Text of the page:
Getting the cover letter right is still important as the job hiring process has moved inexorably to cyber spaces, it is easy to forget some fundamentals about marketing yourself.
Job board resumes tend to be simple text-based documents, keyword oriented, with some limitations that reduce the opportunity to truly express individuality. They also are a limited job resource as the ‘hidden job market’, those positions uncovered the old fashioned way, networking and personal contact, still predominate.
As a career counselor I am often amazed (and appalled) at how little many clients understand about the importance of job search fundamentals. In fact, almost every level of position demands quality material, job search and networking strategies, intense research, interviewing skills and negotiation capabilities. Too many of my clients still exhibit dismay that they have posted their resume on all the important job boards, but fail to garner interviews or useful interviews.
Unfortunately, it is often after a long and fruitless job search that they come to me discouraged and frustrated. And, as frustrating as this is for job search candidates within their own industry, it is even worse for career changers, especially those who have been in one company or one industry for a long time.
For many clients, once we determine a new career direction, too often we need to start over with the basics such as how to write a resume, a cover letter, a broadcast letter and other job search material. Although the subject of this week’s article is the cover letter, I believe too many people have gotten off track with appreciating the importance of the fundamentals.
Email and the Internet are wonderfully useful tools, but are not substitutes for careful, thoughtfully crafted, professional documentation. That process starts with the cover letter. Cover letters in the past tended to be letters of transmittal, brief notes that introduced the resume. However, today the cover letter has become an important component of the marketing communications package. It is a way to provide focus, list relevant experience and introduce credentials in ways that relate directly to the company and position. It is critical to convey why someone should give you the job and to do that you must sell your qualifications. In past columns I have emphasized the importance of research into prospective employers.
Why you should hone your cover letter writing skill?
The cover letter is a powerful way to tell the prospective employer that they are not part of a blanket mailing campaign looking for a few responses. Rather, the cover letter should convey the idea that you have taken the time to research the firm and are familiar with the organization and its strategies and have decided that here is a match between your interests and skills, and their needs. A good cover letter should create an interest that serves as an incentive to read the resume and hopefully extend that interest to a call for an interview.The key is relevance and that takes forethought. All this must be accomplished without lengthy text and long paragraphs that tire the reader. Nevertheless, it is important to create a theme that describes in a clear and logical way who you are, what position you seek, the value you bring to the organization and your track record of success.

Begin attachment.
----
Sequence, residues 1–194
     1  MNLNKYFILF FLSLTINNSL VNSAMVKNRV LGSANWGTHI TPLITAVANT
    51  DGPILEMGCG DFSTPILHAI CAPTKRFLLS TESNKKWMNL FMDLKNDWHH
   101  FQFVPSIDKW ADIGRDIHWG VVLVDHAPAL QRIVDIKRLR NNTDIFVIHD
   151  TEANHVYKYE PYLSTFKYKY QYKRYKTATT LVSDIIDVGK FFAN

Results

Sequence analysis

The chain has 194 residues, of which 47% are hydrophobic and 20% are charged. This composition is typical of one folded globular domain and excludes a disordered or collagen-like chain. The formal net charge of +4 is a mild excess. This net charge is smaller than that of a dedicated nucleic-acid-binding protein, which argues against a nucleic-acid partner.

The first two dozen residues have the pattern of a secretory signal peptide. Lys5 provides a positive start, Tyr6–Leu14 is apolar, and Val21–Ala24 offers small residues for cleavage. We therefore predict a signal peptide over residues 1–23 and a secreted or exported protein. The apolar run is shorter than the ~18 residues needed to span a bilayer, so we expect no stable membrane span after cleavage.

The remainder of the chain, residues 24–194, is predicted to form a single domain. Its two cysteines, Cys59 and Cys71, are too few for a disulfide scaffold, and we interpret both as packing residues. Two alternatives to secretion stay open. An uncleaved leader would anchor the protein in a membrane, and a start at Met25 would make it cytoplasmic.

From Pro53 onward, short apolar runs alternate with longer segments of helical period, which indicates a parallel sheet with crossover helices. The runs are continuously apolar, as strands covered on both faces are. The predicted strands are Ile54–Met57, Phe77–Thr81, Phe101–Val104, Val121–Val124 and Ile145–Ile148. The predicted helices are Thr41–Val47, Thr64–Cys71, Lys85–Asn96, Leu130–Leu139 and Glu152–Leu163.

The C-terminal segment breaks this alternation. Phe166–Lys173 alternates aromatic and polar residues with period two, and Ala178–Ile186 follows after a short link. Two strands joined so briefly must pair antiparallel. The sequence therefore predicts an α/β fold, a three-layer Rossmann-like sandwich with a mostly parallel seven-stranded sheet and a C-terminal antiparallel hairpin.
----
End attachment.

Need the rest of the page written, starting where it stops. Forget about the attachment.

The cover letter is not a historical narrative, nor can it be a simple lifting of sections of the resume. Key elements of the resume can be communicated, but in ways that are more than repetition, to convey other skills that contributed to specific achievements. The skills that exemplify achievements should be relevant to the new position. Some clients believe that more is better and must be constrained from writing lengthy job description, point-by-point details of virtually everything they have done.
My job in working with clients is to identify and convey those qualities that would be important in any position. Teamwork, competence, action orientation, innovativeness are some of the important attributes that are valued. Specific skills and attributes should be tailored to the specific letter to each prospective employer.
Ask for the interview. The whole purpose of the cover letter and resume is to obtain an interview, so indicate your desire for an interview and let the recipient understand that you are serious and will follow up with a phone call.
Finally, the writing, style, tone and presentation should reflect the best that the writer can convey. Professionalism is essential for effective communications and the higher the position the greater the importance.